1) At one interview, which took place in a Starbucks during one of those east coast rainstorms in which it rains sideways (so that there's no way to dress or hold an umbrella to avoid getting soaked) , a gentleman gave up his comfy chair so that three of us could sit together and talk more easily. He stood nearby, which I didn't realize until he asked, "What book are you talking about?" I told him, and he said, "I've heard of that." (I gave him a promotional postcard I had printed up and he promised to order it on Amazon.) That was the second time that I or someone else mentioned the name of the book and someone else had heard of it, which is pretty cool considering that it's been out for less than 6 weeks. (If any of you have had the experience of someone recognizing the name of the book when you've talked about it, let me know! I love this kind of thing.
2) At another interview, a suggestion that I hadn't heard before came up: It was to create an edited version of the book (minus the provocative scenes) so that the text could be used in Middle Schools. I definitely have plans to propose the use of the book as supplementary material for course on Asian History, Russian History, Jewish History, Military History, etc., but I had never thought about Middle School or High School as an audience.
3) I saw a Concert Reading (though I don't know how this differs from a Stage Reading), of a play by Colin Greer: "Imagining Heschel." It was about Rabbi Abraham Joshua Heschel, a prominent Jewish theologian and human rights activist (he marched in Selma with Dr. Martin Luther King), who, in 1968, had been invited to 'educate' the Pope and the Vatican Council so that it would stop blaming the Jews for killing Christ, which is at the heart of antisemitism. I found a number of similarities between Rabbi Heschel's goals and those of my grandfather, who held the same attitude and pursued some of the same objectives through less ... 'proper,' shall we say, means. The play provoked thoughtful meditation on the nature of beliefs and the ability to forgive. I hope the brief run that the play had at the Cherry Lane Theater will return in a more expanded, theatrical form so that more people will have the opportunity to see it and begin thinking about some of the issues it raises. (I will have a lot more to say about this play, and the experience of watching it, in an upcoming blog entry).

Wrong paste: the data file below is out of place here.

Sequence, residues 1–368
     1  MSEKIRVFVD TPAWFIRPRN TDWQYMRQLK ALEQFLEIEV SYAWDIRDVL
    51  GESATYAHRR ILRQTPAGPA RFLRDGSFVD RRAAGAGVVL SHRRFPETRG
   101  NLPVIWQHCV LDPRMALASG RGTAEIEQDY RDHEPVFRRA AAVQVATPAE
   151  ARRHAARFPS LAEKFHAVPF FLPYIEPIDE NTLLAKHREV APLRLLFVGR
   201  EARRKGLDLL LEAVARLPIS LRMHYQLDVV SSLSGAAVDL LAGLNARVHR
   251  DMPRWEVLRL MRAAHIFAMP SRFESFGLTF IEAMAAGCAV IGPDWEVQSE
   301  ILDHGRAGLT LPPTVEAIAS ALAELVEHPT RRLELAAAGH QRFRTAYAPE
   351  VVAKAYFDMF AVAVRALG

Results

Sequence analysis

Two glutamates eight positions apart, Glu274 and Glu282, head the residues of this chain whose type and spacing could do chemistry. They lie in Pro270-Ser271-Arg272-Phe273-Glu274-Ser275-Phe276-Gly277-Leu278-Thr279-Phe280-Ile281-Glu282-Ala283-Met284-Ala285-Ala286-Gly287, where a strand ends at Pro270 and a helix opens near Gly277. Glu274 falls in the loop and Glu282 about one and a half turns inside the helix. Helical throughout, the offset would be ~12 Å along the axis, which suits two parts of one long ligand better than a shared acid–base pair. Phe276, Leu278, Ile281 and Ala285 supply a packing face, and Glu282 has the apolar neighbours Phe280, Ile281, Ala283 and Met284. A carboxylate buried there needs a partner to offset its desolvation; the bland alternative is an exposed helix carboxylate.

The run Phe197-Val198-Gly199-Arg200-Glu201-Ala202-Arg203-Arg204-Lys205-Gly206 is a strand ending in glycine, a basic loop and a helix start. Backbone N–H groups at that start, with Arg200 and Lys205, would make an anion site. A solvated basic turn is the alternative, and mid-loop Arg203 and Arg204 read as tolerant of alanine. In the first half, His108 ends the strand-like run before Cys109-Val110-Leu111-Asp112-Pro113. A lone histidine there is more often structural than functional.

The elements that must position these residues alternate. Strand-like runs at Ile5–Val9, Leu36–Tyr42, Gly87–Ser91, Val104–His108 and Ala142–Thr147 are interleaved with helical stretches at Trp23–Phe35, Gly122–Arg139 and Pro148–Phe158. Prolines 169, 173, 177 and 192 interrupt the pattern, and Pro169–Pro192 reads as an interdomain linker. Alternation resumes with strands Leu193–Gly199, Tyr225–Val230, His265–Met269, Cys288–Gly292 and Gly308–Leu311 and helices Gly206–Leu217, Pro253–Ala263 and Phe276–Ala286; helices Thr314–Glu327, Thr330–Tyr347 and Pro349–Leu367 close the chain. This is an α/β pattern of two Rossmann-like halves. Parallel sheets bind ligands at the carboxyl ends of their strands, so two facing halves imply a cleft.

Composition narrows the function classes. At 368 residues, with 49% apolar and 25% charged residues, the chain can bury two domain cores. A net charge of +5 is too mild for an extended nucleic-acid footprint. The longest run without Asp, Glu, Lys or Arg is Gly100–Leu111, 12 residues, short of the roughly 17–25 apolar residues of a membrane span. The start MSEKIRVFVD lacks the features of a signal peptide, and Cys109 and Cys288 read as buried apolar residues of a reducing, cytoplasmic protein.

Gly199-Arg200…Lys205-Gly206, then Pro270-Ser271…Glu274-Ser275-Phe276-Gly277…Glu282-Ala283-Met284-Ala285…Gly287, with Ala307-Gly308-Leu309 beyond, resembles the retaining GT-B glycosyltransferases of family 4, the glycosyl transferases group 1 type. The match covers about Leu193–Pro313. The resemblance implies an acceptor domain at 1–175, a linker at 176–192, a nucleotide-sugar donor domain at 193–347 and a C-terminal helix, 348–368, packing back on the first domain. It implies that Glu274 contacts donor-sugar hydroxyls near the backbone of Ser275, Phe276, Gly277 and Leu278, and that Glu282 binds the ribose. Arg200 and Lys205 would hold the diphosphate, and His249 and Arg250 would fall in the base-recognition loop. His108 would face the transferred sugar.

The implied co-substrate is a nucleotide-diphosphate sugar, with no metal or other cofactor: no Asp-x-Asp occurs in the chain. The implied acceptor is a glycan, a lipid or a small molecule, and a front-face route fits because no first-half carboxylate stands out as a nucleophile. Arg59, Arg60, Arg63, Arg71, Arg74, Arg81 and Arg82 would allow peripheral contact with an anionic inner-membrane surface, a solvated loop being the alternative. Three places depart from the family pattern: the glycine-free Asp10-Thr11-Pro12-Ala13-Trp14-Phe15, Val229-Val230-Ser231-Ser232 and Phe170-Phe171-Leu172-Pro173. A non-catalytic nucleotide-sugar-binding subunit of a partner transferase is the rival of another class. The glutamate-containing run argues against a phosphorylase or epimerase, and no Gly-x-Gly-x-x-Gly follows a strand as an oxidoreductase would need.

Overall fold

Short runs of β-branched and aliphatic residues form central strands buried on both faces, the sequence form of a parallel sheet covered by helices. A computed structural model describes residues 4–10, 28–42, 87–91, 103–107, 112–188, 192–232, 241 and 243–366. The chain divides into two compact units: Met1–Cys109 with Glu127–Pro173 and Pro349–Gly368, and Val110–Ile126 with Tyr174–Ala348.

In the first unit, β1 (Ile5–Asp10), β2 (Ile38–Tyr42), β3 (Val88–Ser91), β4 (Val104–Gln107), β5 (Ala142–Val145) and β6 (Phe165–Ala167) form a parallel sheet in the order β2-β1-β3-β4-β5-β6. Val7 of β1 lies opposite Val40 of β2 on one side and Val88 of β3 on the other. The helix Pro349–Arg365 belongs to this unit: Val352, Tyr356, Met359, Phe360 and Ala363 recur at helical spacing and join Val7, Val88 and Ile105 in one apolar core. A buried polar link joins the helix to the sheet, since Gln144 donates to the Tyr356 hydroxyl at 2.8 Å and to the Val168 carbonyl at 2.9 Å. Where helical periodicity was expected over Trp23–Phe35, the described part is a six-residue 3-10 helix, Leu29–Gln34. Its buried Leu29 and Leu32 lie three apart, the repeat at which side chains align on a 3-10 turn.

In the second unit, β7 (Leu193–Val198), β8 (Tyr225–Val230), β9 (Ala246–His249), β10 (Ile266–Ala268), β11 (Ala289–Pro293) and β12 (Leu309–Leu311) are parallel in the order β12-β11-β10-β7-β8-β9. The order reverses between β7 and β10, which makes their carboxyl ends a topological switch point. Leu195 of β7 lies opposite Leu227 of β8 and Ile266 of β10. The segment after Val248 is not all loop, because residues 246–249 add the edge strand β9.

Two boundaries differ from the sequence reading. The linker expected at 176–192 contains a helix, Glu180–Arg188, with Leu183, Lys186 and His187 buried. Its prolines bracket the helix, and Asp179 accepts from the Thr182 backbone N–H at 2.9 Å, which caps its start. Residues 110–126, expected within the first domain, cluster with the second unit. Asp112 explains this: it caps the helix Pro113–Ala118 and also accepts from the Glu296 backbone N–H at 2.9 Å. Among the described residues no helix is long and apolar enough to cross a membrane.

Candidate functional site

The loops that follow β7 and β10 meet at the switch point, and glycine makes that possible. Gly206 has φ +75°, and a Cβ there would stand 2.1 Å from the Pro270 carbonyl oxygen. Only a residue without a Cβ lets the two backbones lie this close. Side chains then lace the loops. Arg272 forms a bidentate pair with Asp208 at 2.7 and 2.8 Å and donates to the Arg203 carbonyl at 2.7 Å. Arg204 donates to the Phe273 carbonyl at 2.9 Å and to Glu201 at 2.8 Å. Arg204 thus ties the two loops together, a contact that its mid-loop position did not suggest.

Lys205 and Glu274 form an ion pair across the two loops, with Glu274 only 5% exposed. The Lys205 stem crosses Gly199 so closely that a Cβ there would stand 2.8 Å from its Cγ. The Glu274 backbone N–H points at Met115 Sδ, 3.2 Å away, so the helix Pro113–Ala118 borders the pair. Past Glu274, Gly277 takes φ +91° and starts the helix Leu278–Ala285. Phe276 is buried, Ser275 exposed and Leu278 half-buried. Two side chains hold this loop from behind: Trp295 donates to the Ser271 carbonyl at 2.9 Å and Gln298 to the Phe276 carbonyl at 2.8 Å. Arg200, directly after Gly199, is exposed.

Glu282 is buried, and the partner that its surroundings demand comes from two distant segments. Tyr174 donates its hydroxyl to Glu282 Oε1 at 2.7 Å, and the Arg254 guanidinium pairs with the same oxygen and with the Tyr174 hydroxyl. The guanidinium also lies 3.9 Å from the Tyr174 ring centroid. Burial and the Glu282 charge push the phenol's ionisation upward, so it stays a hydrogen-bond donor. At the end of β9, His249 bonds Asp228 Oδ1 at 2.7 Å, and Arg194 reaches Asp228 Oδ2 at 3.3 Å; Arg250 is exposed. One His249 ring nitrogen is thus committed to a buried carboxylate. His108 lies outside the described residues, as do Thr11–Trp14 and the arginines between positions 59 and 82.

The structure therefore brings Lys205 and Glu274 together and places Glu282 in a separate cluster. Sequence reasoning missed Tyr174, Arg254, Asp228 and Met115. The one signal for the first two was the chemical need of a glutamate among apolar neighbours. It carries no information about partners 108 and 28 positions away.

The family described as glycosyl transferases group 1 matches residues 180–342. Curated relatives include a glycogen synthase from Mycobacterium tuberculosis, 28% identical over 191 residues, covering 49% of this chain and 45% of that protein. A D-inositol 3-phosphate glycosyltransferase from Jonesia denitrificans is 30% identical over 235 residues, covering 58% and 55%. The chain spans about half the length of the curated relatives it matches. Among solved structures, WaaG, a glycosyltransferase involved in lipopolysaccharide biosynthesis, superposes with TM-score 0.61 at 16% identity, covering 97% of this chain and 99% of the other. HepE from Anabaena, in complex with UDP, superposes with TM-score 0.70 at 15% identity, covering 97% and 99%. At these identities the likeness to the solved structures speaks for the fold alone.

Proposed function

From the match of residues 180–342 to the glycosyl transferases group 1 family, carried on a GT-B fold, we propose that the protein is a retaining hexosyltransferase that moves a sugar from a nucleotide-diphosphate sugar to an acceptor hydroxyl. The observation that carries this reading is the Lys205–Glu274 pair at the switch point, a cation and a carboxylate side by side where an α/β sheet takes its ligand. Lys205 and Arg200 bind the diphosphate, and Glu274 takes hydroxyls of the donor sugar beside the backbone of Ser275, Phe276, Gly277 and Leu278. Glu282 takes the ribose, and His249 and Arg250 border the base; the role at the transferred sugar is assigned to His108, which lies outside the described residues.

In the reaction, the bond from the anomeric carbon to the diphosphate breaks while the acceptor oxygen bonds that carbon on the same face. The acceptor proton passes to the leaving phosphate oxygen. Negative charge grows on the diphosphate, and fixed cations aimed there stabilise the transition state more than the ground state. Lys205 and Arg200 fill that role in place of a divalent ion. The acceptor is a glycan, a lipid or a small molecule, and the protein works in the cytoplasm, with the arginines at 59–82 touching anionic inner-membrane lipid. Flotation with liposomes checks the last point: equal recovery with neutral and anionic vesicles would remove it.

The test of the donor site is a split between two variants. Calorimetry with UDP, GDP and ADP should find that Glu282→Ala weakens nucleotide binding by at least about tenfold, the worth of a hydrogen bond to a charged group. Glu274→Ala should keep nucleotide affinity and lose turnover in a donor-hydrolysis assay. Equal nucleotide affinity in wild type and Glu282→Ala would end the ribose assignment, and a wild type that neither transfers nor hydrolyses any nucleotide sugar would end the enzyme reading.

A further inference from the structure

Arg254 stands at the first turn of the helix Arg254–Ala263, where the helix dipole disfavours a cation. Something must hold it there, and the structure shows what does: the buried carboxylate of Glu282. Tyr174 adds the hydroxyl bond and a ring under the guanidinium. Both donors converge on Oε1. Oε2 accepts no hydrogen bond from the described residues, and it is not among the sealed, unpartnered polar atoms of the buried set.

4) I learned from my experience talking with reporters that I need to narrow down how I talk about my book because there are so many themes that it makes it difficult for reporters to decide which angle to pursue. It's my job to make their job easier, which I'm working on, but then it's only experiences like these that teach me what I still need to learn.